The three primary sources of leaks are - waterfalls/streams, pipework, incorrect sealing. Waterfalls are a major culprit for leaks. Any splashing, no matter how minor, will result in water loss. Added to this is the reality that waterfalls or water courses develop hairline cracks between rocks and cement at some stage or the other. There is also natural evaporation to be taken into account as well.
But my pond goes down several centimetres each day - there must be a massive crack in the floor. How can tiny hairline cracks around pipe work or in the waterfall together with splashing loose substantial water from your pond you ask? Yes, definitely. If a single drop of water leaks out of your pond each second you will lose about 3.5 - 4 millilitres of water each minute. This is 240 ml per hour or 5,7 litres of water each and every day of the year. That's over 20,000 litres a year.
A 20,000 litre pond that is never topped up, will be completely emptied in ten months by an "insignificant" leak or splash of 10 drops of water each second, somewhere in the system. And this is not taking into account natural evaporation. Evaporation is higher in summer and high winds.
The effect of leaks on the pond will depend on the volume. Larger ponds may not show minor leaks but a pond of 12,000 or 15,000 litres will. A pond of this capacity can have a surface area of about 4 meters by 3 meters and a depth of a meter. Loosing 10 drops of water each second will lower the surface by about 3,5cm each week. Looked at in another way, every second week this pond will loose about 8 - 10% of it's water. All you have to do is top the pond up as a 10% water change is recommended each week. This may be better than driving yourself mad trying to find the leak.
However, it is always advisable to find the source of leaks. Once found, the problem is 80% cured.
Bottom drains are always a potential area for leaks. There are numerous pond builders who simply join 110 mm piping together beneath the pond floor using the standard rubber seal. This rubber seal is used when 110 mm piping is utilised for drains on buildings. These drains are not under any pressure what-so ever. However, on a koi pond there is substantial pressure. The deeper the water the greater the pressure. The rubber seal may work initially but invariably leaks develop. All piping beneath the pond must be correctly glued and supported.
The piping that enters the pond shell as a bottom drain needs careful attention. Firstly the piping needs to be supported or built as part of the shell itself. This will prevent movement at some time or the other. Bottom drains and the floor of the pond are two completely different materials (plastic and concrete) in contact with one another. They have different properties with regard to flexibility. Hair line fractures can occur at the interface between the pipe and the concrete floor. Any movement of the soil beneath the shell, where the pipes are laid, will result in the pipe separating slightly from the concrete. Building the pipe work or the bottom drains into the shell will prevent movement.
Waterfalls will always be a source of leaks. Perhaps all waterfalls should be built on a sheet of plastic. Many headaches will be avoided. If a leak develops the water will flow back into the pond via the plastic sheeting. Interestingly a source of leaks on waterfalls is often under the stones. Hairline cracks develop between the stones and cement layer between them. These hair line cracks act as capillary tubes and literally suck the water out of the pond. It is capillary action, in the stem of trees, that provides massive amounts food and water to the leaves. If you suspect the waterfall is leaking I would suggest looking under the stones first, you will invariably find the leak.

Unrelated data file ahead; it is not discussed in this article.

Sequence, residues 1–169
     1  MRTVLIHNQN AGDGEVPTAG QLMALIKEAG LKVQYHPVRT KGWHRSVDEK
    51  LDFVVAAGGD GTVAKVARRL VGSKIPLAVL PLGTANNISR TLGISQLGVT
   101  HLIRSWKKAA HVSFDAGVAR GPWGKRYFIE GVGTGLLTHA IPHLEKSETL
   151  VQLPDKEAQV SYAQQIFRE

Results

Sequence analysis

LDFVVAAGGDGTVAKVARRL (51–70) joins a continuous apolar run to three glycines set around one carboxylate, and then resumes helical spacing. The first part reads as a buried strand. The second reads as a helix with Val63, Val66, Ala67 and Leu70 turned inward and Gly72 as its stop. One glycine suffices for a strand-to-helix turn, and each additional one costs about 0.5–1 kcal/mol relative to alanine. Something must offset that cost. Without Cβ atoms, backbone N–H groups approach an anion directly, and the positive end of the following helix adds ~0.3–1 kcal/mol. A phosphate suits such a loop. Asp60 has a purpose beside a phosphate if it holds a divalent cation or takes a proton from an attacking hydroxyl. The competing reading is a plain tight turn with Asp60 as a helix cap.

Evaporation is also a major cause of water loss. The rate of evaporation is affected by factors such as the temperature of the air, the humidity of the atmosphere in the area, wind, and intensity of the sun. The evaporation is aggravated by splashing pond water over waterfalls, along streams and fountains to dissolve oxygen and dilute the impurities.
Before you drain the pond to reseal or concrete in the bottom drains, before your grind down the walls to re-plaster the pond look for the little places where small amounts of water can be escaping. Water leaks are relentless and combined they could very well be the source of substantial water loss. Fix them before you spend a great deal of money.
It is a time consuming art to find and fix leaks. I would suggest the pond owner try to do this himself. It would not be economical for pond builders to return every week to fix a series of minor leaks that could develop over time. Pratleys standard setting putty sets under water and should be in the repair kit of every pond owner. The putty can be used anywhere in the pond against cement and is especially convenient for repairing hairline cracks under stones. Pratleys will not adhere to rubberised and bitumen based sealers.
Bitumen sealers and rubberised paints are a problem when they leak. The moisture gets behind the coating and bubbling and leaking occurs. Unfortunately painting directly over the affected areas does not solve the problem. A leaking pond sealed with these types of sealers would have to be completely drained and the sealer completely removed by grinding down to the plaster to be successfully re- sealed.
Last Updated on Friday, 31 October 2008 12:09